The motor’s pitch dropped–it was slowing, the water swishing around it. On approach. She bolted upright, the back of her neck prickling. Moonlight glinted off an inflatable with three large figures on it. No lights, closing in. Her breath shuddered. Not one of the local fishing boats. A journalist looking for a scoop–but out here, at this time of night? Hardly. A shark-finning boat? Dozens of large sharks had glided past the yacht in the last few days.
Whoever they were, she had no escape. By the time she weighed anchor they’d be on her. A mayday call or flare wouldn’t do shit, out here in the middle of nowhere.
She skidded into the cabin, snatched up her pocketknife and stuffed it in her shorts pocket. What else could she use for a weapon? Damn the senator for refusing to let her carry a gun. She eyed the radio, biting her lip. No time for a call–if these guys cornered her down here, there’d be no escape. She sprang back up the ladder. The inflatable drew up to starboard, the men silent. Balaclavas. They wore balaclavas. Shit. She spun around. Come on, come on. Her gaze landed on the winch handle. She wrenched it out of its socket, tested its solid weight. Good old-fashioned heavy metal.
As one man tied up and pulled the boats alongside, another stepped onto the yacht’s stern, wobbling as if he straddled a tightrope. He was burly but perhaps not a sailor. That could work in her favor. She moved the winch handle behind her, out of sight.
“What do you want?“ she asked, sounding more confident than she felt.
“We don’t want to hurt you.“ The deep voice came from the bow of the inflatable, in thickly accented but precise English.
Her cheeks iced over. In her experience, people who said that usually did the opposite. The burly man advanced, feeling for his balance. Was that seriously an Angry Birds T-shirt?
“Who are you?“
“We are taking you with us.“ The guy on the inflatable again. He said something to his crew in a language she couldn’t place. His voice was authoritative, but at ease. She chanced a look. He leaned against the console, arms crossed. Confident, but casual with it–like he’d done this a hundred times. He was even bigger than the guy coming for her, but more athletic. Not good.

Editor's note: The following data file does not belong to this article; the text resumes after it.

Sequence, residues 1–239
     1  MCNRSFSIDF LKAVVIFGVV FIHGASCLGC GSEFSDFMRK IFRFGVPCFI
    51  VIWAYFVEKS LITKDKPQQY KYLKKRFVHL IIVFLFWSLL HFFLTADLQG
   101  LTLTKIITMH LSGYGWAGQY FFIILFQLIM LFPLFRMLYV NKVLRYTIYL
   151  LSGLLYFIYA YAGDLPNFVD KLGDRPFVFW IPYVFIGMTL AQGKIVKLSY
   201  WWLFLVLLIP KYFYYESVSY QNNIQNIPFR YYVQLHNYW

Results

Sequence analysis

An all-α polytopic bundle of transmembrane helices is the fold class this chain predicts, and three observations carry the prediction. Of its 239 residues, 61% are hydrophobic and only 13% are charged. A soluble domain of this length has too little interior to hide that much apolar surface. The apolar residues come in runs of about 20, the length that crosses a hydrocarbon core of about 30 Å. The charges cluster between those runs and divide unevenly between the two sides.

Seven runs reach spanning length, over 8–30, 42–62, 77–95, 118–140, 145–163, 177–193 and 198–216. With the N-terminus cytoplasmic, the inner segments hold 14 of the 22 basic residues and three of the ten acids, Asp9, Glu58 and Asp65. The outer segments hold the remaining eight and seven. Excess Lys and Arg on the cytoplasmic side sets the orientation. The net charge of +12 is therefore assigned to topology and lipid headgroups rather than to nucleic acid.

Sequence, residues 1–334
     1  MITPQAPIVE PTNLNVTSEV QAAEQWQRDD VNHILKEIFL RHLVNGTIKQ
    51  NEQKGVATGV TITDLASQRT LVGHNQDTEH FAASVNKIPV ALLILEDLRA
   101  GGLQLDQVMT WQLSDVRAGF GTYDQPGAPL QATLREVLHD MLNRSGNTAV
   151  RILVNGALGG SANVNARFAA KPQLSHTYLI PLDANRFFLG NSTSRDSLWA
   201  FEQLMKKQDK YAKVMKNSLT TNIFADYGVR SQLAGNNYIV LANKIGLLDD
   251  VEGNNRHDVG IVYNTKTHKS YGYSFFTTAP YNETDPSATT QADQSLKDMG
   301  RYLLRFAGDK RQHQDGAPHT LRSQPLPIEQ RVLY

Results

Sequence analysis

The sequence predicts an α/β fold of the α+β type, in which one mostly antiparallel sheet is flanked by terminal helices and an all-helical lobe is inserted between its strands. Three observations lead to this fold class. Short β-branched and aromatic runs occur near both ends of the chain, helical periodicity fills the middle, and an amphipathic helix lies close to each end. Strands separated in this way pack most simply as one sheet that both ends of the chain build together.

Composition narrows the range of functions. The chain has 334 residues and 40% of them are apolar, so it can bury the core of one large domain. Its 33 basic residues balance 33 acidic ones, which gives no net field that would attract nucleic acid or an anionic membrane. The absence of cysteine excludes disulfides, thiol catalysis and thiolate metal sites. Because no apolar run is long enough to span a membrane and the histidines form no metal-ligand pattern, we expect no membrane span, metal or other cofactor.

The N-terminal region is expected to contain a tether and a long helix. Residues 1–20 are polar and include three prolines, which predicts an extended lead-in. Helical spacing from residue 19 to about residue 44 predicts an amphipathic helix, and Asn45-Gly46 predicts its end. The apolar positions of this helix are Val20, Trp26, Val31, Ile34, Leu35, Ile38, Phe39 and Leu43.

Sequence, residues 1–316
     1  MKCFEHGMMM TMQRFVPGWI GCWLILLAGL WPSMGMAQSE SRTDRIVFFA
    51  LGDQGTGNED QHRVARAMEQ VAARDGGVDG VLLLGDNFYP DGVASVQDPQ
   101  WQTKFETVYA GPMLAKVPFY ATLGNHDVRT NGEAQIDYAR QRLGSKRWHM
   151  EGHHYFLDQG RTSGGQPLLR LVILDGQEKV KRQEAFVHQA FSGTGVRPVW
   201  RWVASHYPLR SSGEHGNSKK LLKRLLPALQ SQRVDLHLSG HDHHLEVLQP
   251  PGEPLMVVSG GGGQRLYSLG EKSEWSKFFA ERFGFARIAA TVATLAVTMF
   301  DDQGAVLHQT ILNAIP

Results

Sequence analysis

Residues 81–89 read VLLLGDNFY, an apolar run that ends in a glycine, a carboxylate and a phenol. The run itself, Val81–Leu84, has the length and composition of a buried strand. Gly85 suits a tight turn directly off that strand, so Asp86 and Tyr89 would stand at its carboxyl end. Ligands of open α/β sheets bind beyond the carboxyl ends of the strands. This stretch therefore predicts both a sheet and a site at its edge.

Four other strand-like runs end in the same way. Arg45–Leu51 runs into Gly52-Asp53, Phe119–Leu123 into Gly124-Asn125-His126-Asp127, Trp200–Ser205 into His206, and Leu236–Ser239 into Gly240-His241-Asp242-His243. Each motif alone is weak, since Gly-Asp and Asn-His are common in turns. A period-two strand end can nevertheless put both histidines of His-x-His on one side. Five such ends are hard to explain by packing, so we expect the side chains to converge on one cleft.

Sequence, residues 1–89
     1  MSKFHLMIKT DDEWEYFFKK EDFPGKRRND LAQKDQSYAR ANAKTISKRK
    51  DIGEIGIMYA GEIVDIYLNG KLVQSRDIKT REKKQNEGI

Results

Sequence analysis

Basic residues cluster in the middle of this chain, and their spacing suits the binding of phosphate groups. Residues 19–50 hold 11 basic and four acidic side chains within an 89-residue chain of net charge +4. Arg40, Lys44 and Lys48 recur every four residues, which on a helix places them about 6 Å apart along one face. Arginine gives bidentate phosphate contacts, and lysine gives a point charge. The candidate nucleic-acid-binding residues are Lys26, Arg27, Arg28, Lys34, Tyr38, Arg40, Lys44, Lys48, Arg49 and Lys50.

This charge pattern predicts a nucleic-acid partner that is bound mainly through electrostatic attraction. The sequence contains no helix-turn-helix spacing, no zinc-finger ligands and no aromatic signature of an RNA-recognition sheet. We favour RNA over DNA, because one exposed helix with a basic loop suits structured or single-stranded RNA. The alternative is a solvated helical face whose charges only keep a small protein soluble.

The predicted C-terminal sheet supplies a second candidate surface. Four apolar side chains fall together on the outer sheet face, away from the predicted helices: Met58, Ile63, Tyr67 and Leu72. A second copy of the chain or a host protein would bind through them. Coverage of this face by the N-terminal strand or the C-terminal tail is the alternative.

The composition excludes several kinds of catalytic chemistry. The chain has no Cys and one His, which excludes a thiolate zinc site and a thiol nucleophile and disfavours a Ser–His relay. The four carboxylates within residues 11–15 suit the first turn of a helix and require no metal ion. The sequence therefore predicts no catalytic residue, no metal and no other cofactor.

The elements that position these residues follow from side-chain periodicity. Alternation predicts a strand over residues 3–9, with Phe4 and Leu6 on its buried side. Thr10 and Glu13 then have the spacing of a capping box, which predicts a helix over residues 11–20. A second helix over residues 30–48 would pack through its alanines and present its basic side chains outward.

“You won’t be harmed if you cooperate,“ he continued.
Her blood chilled. “You’re pirates? You’ve got to be kidding me.“ She was almost halfway through this job, halfway to her new law-abiding life. Not even Blackbeard was going to ruin that.
He laughed, deep and calm. “I wish I was joking, Laura.“
Laura. This was no random heist. What was his accent–Russian? Eastern European? Not one of the notorious Indonesian lanun pirates who patrolled the Strait of Malacca. This archipelago was far enough south of the main shipping lanes that thieves weren’t supposed to consider it profitable. So much for sticking to safer waters.
It was a long time since she’d had to fight a man. She had one advantage–they thought she was a helpless socialite. They weren’t expecting trouble, and if they were kidnapping her for a ransom, they wouldn’t want to kill her–yet. She swallowed. She could play the frightened girl, give them false confidence and try to escape. In what–her tender? That thing wouldn’t win a race with a jellyfish.
She could tell them the truth, but why the hell would they believe her? Even if they did, what then–they’d apologize gracefully and be on their way? Fat chance.
“No, please, you can’t do this to me.“ She let her nerves show in her voice. The Angry Birds guy was five feet away. Another few steps… “I’ll scream, I’ll…I’ll… My daddy’s a United States senator, a retired Marine. A webcam is broadcasting your every move. He’ll track you down in minutes.“ She cringed, inwardly. Too much?